IMF chief Christine Lagarde left Sydney commenting that the “two genders” will have to contribute if the G20 was to achieve its aim of lifting economic growth targets by 2%.
Critiques of that growth target have ranged over whether it is achievable or not new to suggestions for growth with strategic add-ons - social inclusion, environmental protections and/or climate-mitigation strategies, or growth with decent work.
But even if you just “go for growth”, every which way but loose, Lagarde is dead right. If the G20 is serious about “sustainable and balanced growth” as the “premier forum for international economic cooperation”, then it needs to demonstrate its serious intent towards matters of gender equality.
Despite a promising paragraph in the Los Cabos Leaders Declaration and several references to health and education over the years, the G20 has been seriously deficient in its recognition of gender issues in the global economy, despite the clear evidence base for such issue in terms of productivity and every facet of the G20’s focus.
G20 Leaders Declaration, Los Cabos 2012 said:
We commit to take concrete actions to overcome the barriers hindering women’s full economic and social participation and to expand economic opportunities for women in G20 economies. We also express our firm commitment to advance gender equality in all areas, including skills training, wages and salaries, treatment in the workplace, and responsibilities in care-giving.
But what has actually happened? Economic policies and institutions still mostly fail to take gender disparities into account, from tax and budget systems to trade regimes. Evidence of the gendered impact of austerity measures is still emerging from Greece and Spain, including the high representation of female public sector employees laid off and the mass closure of domestic violence refuges.
That the political economy of violence against women impacts on national productivity and health systems is well-known. KPMG estimated in 2009 that such violence costs Australia $13.6 billion each year.
But evidence of the impact that including women could make to growth of the formal economy seems to be routinely ignored. Even when it comes out of the World Economic Forum, not known for its feminist leanings. The Forum now publishes the Global Gender Gap Index and regularly identifies gender inequality as a substantial risk to economic growth and stability in its annual risk survey.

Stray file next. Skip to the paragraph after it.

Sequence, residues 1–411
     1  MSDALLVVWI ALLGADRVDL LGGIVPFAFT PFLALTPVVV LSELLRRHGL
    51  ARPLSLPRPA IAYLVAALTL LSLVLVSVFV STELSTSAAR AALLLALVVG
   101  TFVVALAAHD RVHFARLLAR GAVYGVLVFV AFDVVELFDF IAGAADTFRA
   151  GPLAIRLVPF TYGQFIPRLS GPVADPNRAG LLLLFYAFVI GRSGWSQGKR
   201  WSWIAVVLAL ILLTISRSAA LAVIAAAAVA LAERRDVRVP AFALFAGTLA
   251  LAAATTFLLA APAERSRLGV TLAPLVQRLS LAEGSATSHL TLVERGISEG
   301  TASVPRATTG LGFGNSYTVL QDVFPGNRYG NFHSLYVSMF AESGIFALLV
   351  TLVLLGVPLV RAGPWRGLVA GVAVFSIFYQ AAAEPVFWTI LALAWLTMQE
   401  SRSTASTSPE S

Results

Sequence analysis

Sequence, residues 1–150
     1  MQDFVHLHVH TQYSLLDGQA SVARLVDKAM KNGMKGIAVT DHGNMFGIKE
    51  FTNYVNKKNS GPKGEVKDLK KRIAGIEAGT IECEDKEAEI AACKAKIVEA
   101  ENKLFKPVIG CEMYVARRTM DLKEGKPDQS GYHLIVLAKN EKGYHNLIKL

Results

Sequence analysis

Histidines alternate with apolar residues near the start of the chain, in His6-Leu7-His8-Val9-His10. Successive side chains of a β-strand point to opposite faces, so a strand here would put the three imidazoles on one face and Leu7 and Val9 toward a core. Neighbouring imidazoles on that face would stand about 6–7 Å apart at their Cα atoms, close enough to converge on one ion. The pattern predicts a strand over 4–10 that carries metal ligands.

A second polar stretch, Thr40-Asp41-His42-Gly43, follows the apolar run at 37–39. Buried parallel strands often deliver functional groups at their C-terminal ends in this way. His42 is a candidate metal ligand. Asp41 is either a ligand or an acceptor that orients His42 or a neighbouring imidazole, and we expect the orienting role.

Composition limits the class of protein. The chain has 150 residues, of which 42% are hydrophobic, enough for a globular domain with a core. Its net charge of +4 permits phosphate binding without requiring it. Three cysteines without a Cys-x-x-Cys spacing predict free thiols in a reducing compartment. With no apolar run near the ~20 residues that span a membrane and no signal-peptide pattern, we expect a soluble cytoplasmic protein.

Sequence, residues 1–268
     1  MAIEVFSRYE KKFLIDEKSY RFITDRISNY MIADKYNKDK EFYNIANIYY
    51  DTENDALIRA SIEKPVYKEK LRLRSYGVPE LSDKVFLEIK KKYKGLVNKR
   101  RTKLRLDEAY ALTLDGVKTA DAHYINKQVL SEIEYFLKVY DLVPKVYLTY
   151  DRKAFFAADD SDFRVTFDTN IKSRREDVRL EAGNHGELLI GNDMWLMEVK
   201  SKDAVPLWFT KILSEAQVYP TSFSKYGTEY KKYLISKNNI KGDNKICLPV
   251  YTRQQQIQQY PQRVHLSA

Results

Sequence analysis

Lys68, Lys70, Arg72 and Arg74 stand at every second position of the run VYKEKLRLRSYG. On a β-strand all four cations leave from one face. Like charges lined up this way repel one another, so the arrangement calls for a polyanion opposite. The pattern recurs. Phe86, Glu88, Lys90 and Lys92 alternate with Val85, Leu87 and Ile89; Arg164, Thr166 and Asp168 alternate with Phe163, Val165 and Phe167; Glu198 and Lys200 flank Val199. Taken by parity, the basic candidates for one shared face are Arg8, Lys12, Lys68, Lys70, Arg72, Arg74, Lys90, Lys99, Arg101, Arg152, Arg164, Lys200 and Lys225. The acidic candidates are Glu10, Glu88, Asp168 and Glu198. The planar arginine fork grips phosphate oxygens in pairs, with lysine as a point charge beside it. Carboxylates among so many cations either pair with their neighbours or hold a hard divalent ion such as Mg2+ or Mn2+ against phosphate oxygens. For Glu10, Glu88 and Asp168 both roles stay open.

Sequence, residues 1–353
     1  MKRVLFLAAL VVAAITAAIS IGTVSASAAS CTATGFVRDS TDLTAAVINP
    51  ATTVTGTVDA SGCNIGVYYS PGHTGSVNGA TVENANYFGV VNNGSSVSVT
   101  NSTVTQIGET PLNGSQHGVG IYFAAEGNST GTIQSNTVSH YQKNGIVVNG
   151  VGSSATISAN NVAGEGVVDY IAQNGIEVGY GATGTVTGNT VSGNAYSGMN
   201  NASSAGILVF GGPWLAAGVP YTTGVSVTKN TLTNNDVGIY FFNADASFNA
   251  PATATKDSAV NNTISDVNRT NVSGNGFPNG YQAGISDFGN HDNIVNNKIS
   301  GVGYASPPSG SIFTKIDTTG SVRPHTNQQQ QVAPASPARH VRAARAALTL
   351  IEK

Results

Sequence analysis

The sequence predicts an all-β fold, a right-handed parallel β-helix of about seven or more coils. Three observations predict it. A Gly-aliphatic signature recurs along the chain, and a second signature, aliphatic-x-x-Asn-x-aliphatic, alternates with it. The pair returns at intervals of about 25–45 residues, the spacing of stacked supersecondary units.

Partly this is because of the under-representation of women in G20 processes. Only 25% of the heads of state of the G20 member countries are currently women. The figure for finance ministers, central bank governors and sherpas is even lower, with only 15% women.
The official Sydney photo of finance ministers and central bank governors shows 10% representation:
Advocacy campaigns using data to model gender gaps in G20 countries and the Third Billion campaign are beginning to add some pressure to leaders. Some countries are responding at the rhetorical level, most notably prime minister Shinzo Abe stating that empowering women is a key pillar of his ‘Abenomics’ agenda, because “women are Japan’s most under-used resource”.
One positive area of progress has been in recognising the importance of financial inclusion - the concept of ensuring the poor or marginalised can access financial services. At a rhetorical level at least, the G20 has recognised the benefits of financial inclusion to economic growth and poverty reduction with the successive endorsement of high level principles, action plans and the establishment of the Global Partnership for Financial Inclusion (GPFI) and the Women’s Finance hub.
These various principles refer to the importance of “addressing vulnerable groups’” needs for protection and education. In 2012 G20 Leaders asked for a report on how women and youth could gain access to financial services and financial education. This links to UN discussions about what comes after the Millennium Development Goals which end in 2015. The High level Panel identified a key principle of “leave no one behind”.
So what are G20 countries going to actually do with all these high level principles? The next GPFI meeting will be in Hobart in May, and civil society groups are urging policy makers to ensure national financial inclusion strategies and targets address a full range of financial services (savings, credit, insurance and payments) and monitor the progress made towards including groups like the poor, older adults, persons with disabilities, youth, women, rural households, migrants, refugees, subsistence farmers, and the LGBT community. Focusing on protecting the vulnerable is one thing, but promoting women’s economic agency would be a better strategy.
The G20 needs a seminal moment on this issue - as the Security Council had in 2000 with the emergence of the Women Peace and Security agenda - and one that sees women as agents in the economy. A nascent G20 discussion on “inclusive” growth, the financial inclusion agenda and investing in gender equality measures for employment needs to accelerate. Leaders of G20 countries need to demonstrate awareness of, and accountability for, the gendered consequences of their decisions. Then we would be truly be going for growth.